Next lets talk about the data viewing/analysis window, and this is where the software is really disappointing. Before we dig into the details lets quickly talk about where this ADC could be used. Traditionally, delta sigma ADCs have been confined to very low frequencies, generally from DC to Audio. Over the years we have seen faster and faster ADC's which increase the usable bandwidth. This ADC manages excellent dynamic range upto a maximum pass band of 220 kHz! So clearly this could used for modest AC applications such as sampling a narrow band-limited signal. Hence, the important parameters of interest are the AC specs and the usual to the DC specs. Unfortunately, this where Texas Instruments  does something completely unheard of and does not include a frequency domain view of the sampled data! At first I thought I just couldnt find it, but inspecting the user manuals confirmed my fears. Thankfully, TI has clearly recognised this anomaly and mentions in the manual that they are working on an FFT view for the software. I find it very surprising that an ADC evaluation software even made it through its first release without a frequency domain view. If you are interested in measuring some key AC performance spec such as SNR, THD etc you cannot do so with the supplied software, instead you can either export the data and manually process it in something like MATLAB. However, it must be noted that the datasheet obviously already contains a multitude of AC specs and FFT snapshots at various settings.

     

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    I have attached a few screenshots of all the available data analysis options, which are sparse to say the least. You can see the software compute the ADCs DC specifications such as the ENOB and the NFB. These specifications are obviously incomplete as they dont tell you how the ADC performs with an AC input.

     

    All of the above data was acquired at the highest available sampling rate of 500 kHz! If you probe the Data Ready pin, you can actually verify it!

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    Lastly, perhaps a somewhat petty point, but I've noticed with the latest version of the software has unreasonably high CPU usage even during idle use.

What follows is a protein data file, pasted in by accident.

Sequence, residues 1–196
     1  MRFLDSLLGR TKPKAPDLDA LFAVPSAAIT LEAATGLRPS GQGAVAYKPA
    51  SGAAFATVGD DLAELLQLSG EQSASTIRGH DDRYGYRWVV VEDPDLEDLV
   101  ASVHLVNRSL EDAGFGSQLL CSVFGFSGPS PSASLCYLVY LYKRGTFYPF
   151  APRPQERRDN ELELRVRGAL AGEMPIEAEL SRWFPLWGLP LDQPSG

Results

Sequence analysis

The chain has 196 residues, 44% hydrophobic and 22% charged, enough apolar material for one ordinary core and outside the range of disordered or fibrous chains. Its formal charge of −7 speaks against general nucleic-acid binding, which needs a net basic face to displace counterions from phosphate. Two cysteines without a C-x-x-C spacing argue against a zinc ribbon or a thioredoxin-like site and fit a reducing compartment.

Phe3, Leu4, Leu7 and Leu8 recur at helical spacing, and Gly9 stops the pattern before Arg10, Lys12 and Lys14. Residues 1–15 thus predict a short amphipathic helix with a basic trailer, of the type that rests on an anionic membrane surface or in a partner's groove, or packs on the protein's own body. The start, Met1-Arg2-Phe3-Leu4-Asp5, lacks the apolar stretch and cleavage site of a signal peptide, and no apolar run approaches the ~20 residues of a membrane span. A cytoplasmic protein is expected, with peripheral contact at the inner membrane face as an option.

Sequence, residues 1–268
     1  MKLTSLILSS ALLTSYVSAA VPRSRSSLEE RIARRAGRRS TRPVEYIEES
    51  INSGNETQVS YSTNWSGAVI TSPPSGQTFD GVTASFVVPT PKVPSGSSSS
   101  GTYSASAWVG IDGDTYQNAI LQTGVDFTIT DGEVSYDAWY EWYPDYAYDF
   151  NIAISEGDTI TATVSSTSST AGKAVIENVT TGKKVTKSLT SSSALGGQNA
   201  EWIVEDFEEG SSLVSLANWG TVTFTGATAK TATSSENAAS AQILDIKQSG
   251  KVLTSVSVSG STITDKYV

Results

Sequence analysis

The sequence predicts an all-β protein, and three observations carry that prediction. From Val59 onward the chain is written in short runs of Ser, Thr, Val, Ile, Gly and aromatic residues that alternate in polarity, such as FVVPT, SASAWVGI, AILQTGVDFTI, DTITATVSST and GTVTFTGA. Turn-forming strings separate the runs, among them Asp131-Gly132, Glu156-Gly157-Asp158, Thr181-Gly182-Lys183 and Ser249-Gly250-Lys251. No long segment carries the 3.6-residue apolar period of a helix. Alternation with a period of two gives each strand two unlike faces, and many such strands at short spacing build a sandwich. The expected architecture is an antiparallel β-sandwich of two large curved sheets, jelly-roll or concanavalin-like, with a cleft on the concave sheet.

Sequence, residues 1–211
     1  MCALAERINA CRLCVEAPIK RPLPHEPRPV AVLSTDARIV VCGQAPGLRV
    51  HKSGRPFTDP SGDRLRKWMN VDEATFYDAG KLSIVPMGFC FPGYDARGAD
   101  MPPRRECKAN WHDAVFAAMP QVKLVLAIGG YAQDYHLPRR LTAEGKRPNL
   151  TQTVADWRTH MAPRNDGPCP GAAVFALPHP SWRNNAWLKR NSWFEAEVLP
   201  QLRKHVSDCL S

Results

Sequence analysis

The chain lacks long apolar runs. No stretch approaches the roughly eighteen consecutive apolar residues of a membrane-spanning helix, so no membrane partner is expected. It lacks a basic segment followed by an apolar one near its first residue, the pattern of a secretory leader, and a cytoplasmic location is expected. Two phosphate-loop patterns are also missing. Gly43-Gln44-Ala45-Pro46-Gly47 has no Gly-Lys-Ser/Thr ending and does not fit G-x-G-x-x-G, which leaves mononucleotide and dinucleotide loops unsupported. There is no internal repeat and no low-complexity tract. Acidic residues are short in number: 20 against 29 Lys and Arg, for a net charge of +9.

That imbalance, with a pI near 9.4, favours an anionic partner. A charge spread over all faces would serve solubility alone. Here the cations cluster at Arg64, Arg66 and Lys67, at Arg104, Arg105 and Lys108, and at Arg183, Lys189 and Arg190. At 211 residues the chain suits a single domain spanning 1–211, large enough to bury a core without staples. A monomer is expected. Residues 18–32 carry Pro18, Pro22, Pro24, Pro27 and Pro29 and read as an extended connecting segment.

The Hardware:

     

    Now lets turn our attention to the actual board itself. As you'd expect every thing is laid out very well, inspecting the BOM reveals top notch miscellaneous IC's and passives. The board has a a lot of adjustable headers and comes with all the jumpers you will need to switch to the various configurations. All the major pins (SPI, Frame etc) have been broken out to headers so you can hook up a logic analyser if you wish to do so for debugging. Furthermore, the supplied MCU can be completely decoupled from the ADC and a custom acquisition system can be connected to the board. Beware, that you would need a really top notch CPU or ideally some kind of FPGA to handle the high data rate.

     

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    Apart from the ADC, the other important IC on the board is the differential input amplifier to interface between the BNCs and the ADC. This is mainly required because of the ADC's rather high but typical nominal ZIn of 5k. Out of the box this front end has been set up as having a differential input with a screw terminal or BNC to connect to. This can be easily changed to a pseudo-single ended by shorting one of the jumpers to ground. Systematically speaking, the left side of the board has a differential ADC driver, followed by the ADC itself and finally a beefy CPU to handle acquisition. The sampled data is buffered and sent over a fast USB 2.0 chipset to the PC. All in all, the circuit layout has been almost completely been religiously copied from the datasheet which is excellent.

     

    Blunder with the clocking scheme: